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In our highly commercial world, many Western companies continue to be characterised by a long hours culture, fierce competition between individuals to get ahead and a ‘no pain, no gain’ mentality whereby many managers feel pressure ignites performance.
This system, with its focus on output and results, can drive dysfunctional leadership behaviours such as acting in self-interest or an inability to show vulnerability. As recent evidence shows, these beliefs and associated behaviours are unsustainable: cases of stress and burnout continue to grow, such as Antonio Horta-Osorio who was treated for exhaustion soon after being appointed as CEO of Lloyds Banking Group.
This type of culture is based on a belief system in which people measure a person by their performance and career successes rather than on their inner qualities. David Brooks, in his recent book The Road to Character, argues that as a society we have forgotten about our inner moral lives and the importance of developing virtues such as kindness, generosity and compassion.
Over the past ten years, research has begun to focus on the workplace benefits of positive human behaviours, such as compassion. Compassion, which is about connecting and caring for others, is not just about feeling good by doing good. Compassion in the workplace can also have a profound effect on business performance.
In compassionate work environments, research has found that employees are happier and more engaged in their work; they also foster better teamwork; have more satisfied customers, and they stay longer. Compassion is therefore not just about being kind to one another, it also builds the bottom line.
In its definition, compassion is different from empathy in that it is not just about seeking to understand another person’s difficulties, compassion goes one step further and is about taking action to help someone. Research has shown that caring managers are one of the most important predictors of employee performance, therefore compassion is fast becoming one of the most important relational skills for managers. Here are three tips to help you to bring compassion into focus in your own organisations.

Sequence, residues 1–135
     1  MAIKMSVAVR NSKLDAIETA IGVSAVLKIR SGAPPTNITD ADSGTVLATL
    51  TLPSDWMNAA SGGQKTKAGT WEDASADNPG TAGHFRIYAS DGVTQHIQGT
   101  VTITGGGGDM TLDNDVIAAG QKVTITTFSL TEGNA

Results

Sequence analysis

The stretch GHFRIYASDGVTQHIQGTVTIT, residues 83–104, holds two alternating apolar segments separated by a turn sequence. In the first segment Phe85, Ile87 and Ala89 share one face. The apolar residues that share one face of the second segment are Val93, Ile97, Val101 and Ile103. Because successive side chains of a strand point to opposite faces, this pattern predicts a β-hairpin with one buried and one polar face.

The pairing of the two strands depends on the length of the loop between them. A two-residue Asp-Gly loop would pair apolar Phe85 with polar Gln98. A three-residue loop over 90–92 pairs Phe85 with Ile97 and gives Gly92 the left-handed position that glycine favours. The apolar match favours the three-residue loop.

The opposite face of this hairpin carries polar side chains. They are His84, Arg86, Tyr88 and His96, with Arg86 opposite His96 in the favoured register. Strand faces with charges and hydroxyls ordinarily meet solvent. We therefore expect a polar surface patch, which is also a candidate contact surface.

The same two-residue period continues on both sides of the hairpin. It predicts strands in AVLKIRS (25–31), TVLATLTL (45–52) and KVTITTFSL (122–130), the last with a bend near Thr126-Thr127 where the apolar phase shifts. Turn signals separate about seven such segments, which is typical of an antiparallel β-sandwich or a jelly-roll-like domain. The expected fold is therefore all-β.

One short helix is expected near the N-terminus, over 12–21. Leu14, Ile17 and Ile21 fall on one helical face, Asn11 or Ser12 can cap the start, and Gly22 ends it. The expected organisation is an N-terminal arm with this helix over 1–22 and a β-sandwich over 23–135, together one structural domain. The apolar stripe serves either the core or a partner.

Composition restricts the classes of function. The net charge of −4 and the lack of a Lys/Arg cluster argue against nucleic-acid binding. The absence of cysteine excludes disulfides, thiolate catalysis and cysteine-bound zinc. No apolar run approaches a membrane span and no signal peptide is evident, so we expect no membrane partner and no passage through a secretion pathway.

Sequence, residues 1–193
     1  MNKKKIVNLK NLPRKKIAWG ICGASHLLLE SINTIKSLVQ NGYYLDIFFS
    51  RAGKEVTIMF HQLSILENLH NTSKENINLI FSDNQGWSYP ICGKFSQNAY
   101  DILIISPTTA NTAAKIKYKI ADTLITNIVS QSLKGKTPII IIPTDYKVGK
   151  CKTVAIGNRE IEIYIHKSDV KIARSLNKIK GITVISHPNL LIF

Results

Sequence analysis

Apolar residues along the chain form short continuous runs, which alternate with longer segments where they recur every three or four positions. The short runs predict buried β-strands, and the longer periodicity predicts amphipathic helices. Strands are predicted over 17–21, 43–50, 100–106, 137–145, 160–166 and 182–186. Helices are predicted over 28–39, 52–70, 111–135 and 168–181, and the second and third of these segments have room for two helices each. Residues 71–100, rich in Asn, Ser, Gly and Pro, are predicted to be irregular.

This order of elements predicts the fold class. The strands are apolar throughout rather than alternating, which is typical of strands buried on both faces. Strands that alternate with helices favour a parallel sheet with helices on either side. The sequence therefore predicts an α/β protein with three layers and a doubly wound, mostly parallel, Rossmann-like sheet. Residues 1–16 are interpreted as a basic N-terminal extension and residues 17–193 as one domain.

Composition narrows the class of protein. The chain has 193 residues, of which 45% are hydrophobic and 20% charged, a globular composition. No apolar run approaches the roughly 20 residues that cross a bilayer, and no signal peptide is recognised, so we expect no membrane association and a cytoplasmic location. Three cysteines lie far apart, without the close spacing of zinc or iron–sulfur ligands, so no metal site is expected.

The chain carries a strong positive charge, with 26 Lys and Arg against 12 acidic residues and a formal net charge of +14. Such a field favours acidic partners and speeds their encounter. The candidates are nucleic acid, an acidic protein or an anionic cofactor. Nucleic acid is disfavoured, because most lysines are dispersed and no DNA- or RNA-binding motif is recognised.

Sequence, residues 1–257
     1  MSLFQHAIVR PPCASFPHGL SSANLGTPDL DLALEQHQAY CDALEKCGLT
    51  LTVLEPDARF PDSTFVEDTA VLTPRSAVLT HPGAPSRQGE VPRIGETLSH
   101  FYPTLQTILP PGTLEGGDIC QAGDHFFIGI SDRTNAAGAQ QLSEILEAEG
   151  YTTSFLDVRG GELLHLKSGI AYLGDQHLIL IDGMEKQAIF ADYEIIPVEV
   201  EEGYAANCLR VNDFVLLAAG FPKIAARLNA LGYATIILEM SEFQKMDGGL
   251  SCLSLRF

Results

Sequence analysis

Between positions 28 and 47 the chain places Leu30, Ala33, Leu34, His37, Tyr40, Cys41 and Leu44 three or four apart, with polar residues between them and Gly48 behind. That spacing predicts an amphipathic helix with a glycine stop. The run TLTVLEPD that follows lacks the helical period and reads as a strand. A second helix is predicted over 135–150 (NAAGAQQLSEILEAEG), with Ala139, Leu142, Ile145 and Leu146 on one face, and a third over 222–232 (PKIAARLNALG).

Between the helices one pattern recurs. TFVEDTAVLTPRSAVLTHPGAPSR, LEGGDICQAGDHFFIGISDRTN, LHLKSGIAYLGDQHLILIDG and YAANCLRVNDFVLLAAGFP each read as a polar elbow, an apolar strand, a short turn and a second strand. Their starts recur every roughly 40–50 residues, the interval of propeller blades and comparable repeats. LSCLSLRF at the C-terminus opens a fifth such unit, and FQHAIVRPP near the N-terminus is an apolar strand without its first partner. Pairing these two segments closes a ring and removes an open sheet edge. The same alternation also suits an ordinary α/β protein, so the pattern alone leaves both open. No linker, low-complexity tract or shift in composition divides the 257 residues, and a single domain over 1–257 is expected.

1. Compassion is born from life lessons shared. Recent research has found that difficult life experiences, such as critical illness or bereavement (take a look at my piece on supporting bereaved employees) can be a catalyst for learning and growth at work, with managers becoming more compassionate as a result of their own personal traumas. Disclosure is at the heart of compassion, so by encouraging leaders and managers to have the courage openly share their personal struggles, we can build trust and connection between people and foster an emotionally healthier work environment.
2. Compassion starts with the self. Compassion is relational, but it is difficult to connect and care for others if we do not exercise kindness to ourselves. In today’s competitive and commercial world, we often find that managers are highly self-critical and beat themselves up unnecessarily. However, with a little time for positive self-reflection and in discussion with a coach, mentor or friend, we can develop ways of becoming kinder to ourselves. In becoming more self-accepting and maintaining a positive self-regard, we can help others to become more compassionate for themselves.
3. Compassionate managers are careful observers. To be a compassionate manager it takes time, energy and courage. Compassionate managers are emotionally-attuned, they get to know their staff intimately and acknowledge that the ‘whole person’ comes to work. They appreciate that despite our best efforts, we cannot leave our personal lives at the door when we come to work, and that any strains of life circumstances outside work will inevitably affect employee performance within work. Compassionate managers forge deep trusting relationships with their staff and create safe spaces where staff can offload without embarrassment or fear of reprisal. Compassionate managers also encourage staff to nurture their own networks, as the support of colleagues is a critical component of compassion at work.
This article builds Dr Amy Armstrong's recent doctoral research at Aston University entitled “I'm a better manager”: A biographic narrative study of the impact of personal trauma on the professional lives of managers in the UK.
Atkins, P.W., and Parker, S.K. (2012). Understanding individual compassion in organizations: the role of appraisals and psychological flexibility. Academy of Management Review, 37(4), 524-526.
Armstrong, A. (2014) 'I'm a better manager: A biographic narrative study of the impact of personal trauma on the professional lives of managers in the UK', Aston University. PhD Thesis.
Armstrong, A. (2013) Engagement through CEO Eyes, Ashridge Research Report, (May).
Barsade, S. G., & O’Neill, O. A. (2014). What’s Love Got to Do with It? A Longitudinal Study of the Culture of Companionate Love and Employee and Client Outcomes in a Long-term Care Setting, Administrative Science Quarterly, 59(4), 551-598.
Brooks, D. (2015) The Road to Character, Random House.
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Hall, A. (2015) A Compassionate Work Culture Benefits the Bottom Line, Compassion Journal, (May), Stanford University.
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Lilius, J.M., Kanov, J., Dutton, J.E., Worline, M.C., and Maitlis, S. (2012). Compassion Revealed. The Oxford Handbook of Positive Organizational Scholarship. Cameron, K.S., and Spreitzer, G.M., Oxford University Press, 273-288.